This is the second part of a series on The Heart of Christ. See part 1 here.
When the question is asked, “How do I become a Christian?” a popular answer is, invite Jesus into your heart. But what does that really mean? No one has explained that to me. When you look to Scripture, you’ll find that rather than inviting Jesus into your heart, Jesus invites you into his heart.
“Come to me, all who labor and are heavy laden, and I will give you rest. Take my yoke upon you, and learn from me, for I am gentle and lowly in heart, and you will find rest for your souls.” (Matthew 11:28–30)
Salvation involves coming to someone. It’s coming to Jesus, and, trusting that he will deal kindly and gently with us, we entrust our hearts and lives to him. It is unlikely, that a person who knows nothing of the heart of God in Christ, is likely to give their lives over to him, in the same way that is unlikely for a parent to entrust their children to someone they do not know.
Take my own example. I was not raised in a Christian home. I had very little understanding of who God was and knew nothing about his heart. I spent almost a year in the bible reading and learning about the person of Jesus, the way he interacted with people, how he treated people before I was ready to put my life in his hands. My great concern is I come across a lot of people today who have responded to some gospel invitation, but they have never discovered the heart of Christ. Not truly. Not deeply. They have never tasted of its beauty.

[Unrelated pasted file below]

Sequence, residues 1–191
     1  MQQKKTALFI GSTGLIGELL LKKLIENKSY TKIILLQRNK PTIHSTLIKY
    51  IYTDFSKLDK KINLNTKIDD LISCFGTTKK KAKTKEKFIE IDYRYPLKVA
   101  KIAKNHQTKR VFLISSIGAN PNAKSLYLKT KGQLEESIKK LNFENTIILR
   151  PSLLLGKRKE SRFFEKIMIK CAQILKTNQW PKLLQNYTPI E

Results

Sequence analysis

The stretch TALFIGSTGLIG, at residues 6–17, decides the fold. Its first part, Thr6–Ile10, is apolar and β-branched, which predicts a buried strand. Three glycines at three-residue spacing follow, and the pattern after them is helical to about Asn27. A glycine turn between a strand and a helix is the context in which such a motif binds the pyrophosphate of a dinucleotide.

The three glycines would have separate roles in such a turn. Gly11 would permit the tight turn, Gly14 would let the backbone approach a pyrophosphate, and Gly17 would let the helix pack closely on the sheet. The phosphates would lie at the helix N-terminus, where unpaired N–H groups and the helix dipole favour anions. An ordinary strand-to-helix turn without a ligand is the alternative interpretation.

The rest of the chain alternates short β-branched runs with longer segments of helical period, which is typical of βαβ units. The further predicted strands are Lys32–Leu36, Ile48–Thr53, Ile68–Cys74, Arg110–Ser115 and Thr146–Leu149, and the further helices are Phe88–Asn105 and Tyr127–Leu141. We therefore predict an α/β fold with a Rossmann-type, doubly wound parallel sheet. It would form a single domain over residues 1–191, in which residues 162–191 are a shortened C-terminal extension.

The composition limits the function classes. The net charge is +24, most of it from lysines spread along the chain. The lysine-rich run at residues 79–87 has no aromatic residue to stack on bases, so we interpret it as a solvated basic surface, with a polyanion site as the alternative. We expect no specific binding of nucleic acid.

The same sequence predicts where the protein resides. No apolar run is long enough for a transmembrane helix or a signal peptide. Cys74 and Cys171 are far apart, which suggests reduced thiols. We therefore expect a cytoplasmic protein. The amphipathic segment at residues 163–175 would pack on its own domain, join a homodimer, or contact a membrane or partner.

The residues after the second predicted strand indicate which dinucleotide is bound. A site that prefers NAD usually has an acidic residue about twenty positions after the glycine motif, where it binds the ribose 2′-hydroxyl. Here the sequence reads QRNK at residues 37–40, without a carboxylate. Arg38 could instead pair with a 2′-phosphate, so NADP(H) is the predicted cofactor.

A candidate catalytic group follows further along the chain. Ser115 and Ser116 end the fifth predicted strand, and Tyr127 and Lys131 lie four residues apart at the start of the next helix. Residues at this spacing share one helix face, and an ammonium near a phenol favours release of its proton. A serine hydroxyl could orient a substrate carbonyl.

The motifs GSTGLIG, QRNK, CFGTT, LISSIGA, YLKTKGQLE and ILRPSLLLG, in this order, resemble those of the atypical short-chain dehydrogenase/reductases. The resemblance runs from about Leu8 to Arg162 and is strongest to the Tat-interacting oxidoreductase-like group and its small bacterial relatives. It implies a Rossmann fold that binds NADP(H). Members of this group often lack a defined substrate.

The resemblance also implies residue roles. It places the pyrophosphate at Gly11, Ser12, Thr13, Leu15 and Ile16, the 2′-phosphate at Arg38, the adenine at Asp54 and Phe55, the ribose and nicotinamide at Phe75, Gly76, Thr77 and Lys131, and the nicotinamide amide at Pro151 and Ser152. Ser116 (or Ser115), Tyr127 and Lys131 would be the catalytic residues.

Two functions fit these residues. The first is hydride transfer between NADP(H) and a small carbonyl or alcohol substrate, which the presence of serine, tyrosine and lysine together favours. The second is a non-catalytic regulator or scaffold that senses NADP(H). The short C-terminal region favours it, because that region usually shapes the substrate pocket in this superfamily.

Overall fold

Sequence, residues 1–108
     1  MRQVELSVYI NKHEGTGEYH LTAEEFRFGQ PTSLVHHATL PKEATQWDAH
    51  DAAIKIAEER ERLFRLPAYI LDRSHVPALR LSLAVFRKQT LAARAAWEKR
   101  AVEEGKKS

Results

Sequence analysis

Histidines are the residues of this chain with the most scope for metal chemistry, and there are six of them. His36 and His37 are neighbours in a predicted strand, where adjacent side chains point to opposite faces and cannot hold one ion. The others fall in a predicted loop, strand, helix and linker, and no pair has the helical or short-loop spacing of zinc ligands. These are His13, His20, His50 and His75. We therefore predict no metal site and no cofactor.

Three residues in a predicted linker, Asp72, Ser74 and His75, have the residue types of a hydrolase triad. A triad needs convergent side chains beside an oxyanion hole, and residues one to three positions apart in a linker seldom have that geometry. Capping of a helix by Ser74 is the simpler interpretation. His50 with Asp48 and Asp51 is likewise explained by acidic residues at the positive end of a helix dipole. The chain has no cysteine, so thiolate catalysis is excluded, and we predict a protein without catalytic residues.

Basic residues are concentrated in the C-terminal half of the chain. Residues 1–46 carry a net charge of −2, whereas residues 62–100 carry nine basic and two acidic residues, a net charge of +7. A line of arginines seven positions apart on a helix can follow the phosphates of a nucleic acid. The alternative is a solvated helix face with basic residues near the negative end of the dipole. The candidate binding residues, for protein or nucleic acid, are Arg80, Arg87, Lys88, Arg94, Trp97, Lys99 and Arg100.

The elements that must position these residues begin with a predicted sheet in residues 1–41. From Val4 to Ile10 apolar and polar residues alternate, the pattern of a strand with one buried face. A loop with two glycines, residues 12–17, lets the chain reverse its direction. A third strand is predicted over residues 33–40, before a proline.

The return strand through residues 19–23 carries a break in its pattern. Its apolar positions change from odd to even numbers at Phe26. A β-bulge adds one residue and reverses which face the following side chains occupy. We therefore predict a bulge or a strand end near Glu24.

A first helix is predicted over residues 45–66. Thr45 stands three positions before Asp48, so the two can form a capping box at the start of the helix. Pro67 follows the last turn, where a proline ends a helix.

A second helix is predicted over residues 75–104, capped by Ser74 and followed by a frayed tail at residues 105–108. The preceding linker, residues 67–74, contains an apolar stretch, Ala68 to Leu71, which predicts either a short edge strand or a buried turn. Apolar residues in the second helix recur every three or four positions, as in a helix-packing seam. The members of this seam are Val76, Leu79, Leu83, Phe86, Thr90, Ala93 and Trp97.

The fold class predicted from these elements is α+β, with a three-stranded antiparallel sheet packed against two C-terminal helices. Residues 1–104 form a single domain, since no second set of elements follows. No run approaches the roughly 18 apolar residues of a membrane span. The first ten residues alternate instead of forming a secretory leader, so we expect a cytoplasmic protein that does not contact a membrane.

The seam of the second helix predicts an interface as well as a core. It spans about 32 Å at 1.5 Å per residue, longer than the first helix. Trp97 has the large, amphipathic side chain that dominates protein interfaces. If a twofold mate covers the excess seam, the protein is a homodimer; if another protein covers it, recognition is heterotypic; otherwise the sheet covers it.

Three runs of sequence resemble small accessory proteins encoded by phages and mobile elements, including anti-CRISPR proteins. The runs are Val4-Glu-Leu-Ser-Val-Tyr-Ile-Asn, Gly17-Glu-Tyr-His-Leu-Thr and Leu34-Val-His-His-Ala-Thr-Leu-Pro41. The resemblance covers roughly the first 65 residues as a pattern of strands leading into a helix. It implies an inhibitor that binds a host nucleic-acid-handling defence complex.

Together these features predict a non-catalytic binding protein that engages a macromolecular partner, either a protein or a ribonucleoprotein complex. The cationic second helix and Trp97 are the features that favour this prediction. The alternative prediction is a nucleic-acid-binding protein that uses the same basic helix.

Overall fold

Jonathan Edwards lived and ministered during the time of the Great Awakening in early America. In the year 1740, he preached a sermon for children in his congregation. The title simply read, “To the children. August 1740.” In his sermon, he lists six reasons children should love Jesus more than anything else in life. The first is this:
“There is no love so great and so wonderful as that which is in the heart of Christ. He is one that delights in mercy; he is ready to pity those that are in suffering and sorrowful circumstances; one that delights in the happiness of his creatures. The love and grace that Christ has manifested does as much exceed all that which is in this world as the sun is brighter than a candle. Parents are often full of kindness towards their children, but that is no kindness like Jesus Christ’s.”
One place where we see the beauty of Christ’s heart for his own revealed is in his role as our Great High Priest. And that’s what we are going to take a look at today.